Andy Murray will continue the “boring” task of keeping his focus on his next opponent and away from what might happen on Sunday.
While pundits and fans are already eagerly discussing his prospects of lifting the Wimbledon trophy for a second time, Murray knows from experience that nothing is guaranteed.
He played at a supremely high level to crush a demoralised Nick Kyrgios in the fourth round and will look to do the same against another dangerous player, Frenchman Jo-Wilfried Tsonga.
Murray said: “I’m fully aware of how difficult my next opponent is. I know Tsonga is one of the best grass-court players in the world. If he plays well, I’m not on my game, I can lose that match for sure.
“So I need to make sure I have a good practice, stay focused on that one. Take it one match at a time.
“I know everyone goes, ‘Oh, that’s boring’. But that’s what you do as a professional. My job’s to try to win my next match, it’s not thinking about anything else.
“I think if I play the level I’m playing at just now, I give myself a chance in most matches.
“But the trick is to keep that up, to maintain that level for the whole two weeks. I’ve done a good job of it so far. I do feel like when I’ve needed to in the tournament, I have played some good tennis.”
There are similarities with Wimbledon 2013, when Roger Federer and Rafael Nadal lost early and Murray went on to clinch the title.
He has shrugged off questions about the impact of Novak Djokovic’s defeat, but this is the first time the Scot has found himself as the highest-seeded player left in a grand slam.
He wrote in his BBC column: “When I was younger it was much more difficult to stop myself getting carried away with how I was playing or who I was playing.
“When I hadn’t won a grand slam it was like, ‘This is my chance. I might do it.’ And then, if it didn’t happen, I was gutted. Nowadays, I know how difficult these events are to win and I take nothing for granted any more.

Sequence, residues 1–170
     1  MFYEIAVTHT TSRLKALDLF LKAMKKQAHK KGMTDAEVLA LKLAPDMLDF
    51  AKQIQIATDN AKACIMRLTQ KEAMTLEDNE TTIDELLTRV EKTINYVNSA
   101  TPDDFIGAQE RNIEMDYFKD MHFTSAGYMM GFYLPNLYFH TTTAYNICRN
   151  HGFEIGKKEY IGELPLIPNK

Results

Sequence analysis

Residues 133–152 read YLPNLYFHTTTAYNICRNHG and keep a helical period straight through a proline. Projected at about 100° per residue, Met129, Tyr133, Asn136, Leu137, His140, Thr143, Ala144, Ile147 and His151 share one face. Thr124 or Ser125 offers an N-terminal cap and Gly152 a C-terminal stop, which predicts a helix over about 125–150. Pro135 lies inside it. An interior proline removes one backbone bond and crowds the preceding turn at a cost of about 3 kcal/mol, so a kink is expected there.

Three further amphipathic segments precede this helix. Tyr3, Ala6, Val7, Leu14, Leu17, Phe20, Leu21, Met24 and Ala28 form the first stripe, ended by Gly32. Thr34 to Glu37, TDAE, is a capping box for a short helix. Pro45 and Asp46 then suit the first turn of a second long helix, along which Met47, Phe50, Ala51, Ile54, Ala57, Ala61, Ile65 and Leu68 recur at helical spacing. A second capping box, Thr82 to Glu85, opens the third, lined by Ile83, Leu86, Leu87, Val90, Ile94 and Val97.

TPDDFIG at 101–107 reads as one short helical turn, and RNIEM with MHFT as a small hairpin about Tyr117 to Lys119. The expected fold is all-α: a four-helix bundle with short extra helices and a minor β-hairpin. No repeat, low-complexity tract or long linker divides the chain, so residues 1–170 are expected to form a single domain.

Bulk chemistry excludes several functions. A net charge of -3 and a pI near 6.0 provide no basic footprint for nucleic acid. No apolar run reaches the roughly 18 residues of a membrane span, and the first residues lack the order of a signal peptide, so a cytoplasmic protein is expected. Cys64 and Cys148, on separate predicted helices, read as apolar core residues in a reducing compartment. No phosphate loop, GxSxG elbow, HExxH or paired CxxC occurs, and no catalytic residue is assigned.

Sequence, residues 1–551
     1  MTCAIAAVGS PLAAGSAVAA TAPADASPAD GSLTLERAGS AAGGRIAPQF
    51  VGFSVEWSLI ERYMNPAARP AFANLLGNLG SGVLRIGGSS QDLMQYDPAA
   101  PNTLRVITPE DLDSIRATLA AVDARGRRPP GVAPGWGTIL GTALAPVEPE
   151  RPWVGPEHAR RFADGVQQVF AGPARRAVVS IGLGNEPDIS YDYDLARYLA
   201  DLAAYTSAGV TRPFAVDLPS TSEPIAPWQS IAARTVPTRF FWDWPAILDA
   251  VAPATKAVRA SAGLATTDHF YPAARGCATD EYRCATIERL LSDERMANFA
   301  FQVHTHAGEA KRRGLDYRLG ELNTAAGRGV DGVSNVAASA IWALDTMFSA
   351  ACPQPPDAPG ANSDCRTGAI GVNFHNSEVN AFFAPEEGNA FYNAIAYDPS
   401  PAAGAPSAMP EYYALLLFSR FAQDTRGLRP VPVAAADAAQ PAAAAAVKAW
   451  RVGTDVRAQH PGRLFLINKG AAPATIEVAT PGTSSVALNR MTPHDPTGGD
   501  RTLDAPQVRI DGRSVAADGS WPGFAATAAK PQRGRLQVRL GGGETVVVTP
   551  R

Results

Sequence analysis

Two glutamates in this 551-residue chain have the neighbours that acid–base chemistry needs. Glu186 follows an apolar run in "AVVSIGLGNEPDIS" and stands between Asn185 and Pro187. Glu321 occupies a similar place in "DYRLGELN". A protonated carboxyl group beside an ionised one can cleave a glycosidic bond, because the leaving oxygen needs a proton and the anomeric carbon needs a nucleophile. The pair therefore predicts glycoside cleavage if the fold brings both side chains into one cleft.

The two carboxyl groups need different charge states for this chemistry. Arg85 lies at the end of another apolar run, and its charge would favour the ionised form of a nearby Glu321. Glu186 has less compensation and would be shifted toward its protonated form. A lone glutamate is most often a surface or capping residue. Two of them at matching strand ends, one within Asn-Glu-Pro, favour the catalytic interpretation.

“I’ve had some of my biggest wins ever on Centre Court – but some of my toughest losses as well.
“I just try and stay in the moment as best I can and hopefully I can keep doing that for the rest of the tournament, because it’s served me well over the years.”
Murray has an excellent record against 12th seed Tsonga having beaten him 12 times from 14 meetings.
Two of those matches came at Wimbledon, with Murray defeating the Frenchman in the quarter-finals in 2010 and the semi-finals two years later.
“Both matches were hard,” said Murray. “They weren’t easy. A few of the sets came down to just a couple of points. I’m aware I’ll have to be playing at my highest level to win.”
This is, of course, Murray’s first Wimbledon as a father and he has been spending time with baby daughter Sophia on his days off.
He revealed he has also been helping with domestic chores like stacking the dishwasher, while his evenings have been spent following Euro 2016.
The 29-year-old said: “I’ve watched a lot of the Euros. All the usual stuff I always do. Nothing different.
“I just try and stick to the same routines on the off days, practising at the same time, afternoon just home with my family. In the evening I watch a bit of sport, watch the news. That’s it.”
Murray has been following Wales’ progress to the semi-finals in France, and will hope to finish his quarter-final on Wednesday in time to watch some of their match against Portugal.
“I think it’s an amazing story, unbelievable what they’re doing,” he said. “Obviously, the closer you get, the more people start to think there’s a chance you can go all the way.”
The Scot knows just how that feels.